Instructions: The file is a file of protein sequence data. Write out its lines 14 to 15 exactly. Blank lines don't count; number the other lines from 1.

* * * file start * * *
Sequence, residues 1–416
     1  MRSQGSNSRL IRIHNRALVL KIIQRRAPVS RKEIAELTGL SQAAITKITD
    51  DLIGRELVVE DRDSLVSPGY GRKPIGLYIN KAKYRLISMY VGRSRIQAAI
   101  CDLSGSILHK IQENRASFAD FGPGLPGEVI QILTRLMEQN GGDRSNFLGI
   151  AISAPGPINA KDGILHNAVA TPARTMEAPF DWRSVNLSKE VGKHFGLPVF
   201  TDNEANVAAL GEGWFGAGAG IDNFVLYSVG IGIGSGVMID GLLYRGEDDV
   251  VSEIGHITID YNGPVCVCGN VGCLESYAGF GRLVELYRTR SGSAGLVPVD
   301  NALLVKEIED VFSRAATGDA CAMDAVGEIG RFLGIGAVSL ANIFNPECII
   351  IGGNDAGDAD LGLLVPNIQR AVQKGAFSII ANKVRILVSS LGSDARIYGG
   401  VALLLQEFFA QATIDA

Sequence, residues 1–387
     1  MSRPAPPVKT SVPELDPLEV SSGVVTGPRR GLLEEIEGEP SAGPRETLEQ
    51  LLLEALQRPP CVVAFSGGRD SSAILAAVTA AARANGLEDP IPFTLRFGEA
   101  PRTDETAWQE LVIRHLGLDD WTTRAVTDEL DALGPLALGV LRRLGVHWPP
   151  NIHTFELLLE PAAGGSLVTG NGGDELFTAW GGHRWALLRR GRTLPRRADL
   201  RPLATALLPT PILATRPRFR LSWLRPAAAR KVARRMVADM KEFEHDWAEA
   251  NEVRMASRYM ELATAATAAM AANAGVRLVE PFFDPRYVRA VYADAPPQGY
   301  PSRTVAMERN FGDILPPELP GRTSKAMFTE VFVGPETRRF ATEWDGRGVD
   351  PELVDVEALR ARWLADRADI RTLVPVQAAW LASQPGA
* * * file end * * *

   101  PRTDETAWQE LVIRHLGLDD WTTRAVTDEL DALGPLALGV LRRLGVHWPP
   151  NIHTFELLLE PAAGGSLVTG NGGDELFTAW GGHRWALLRR GRTLPRRADL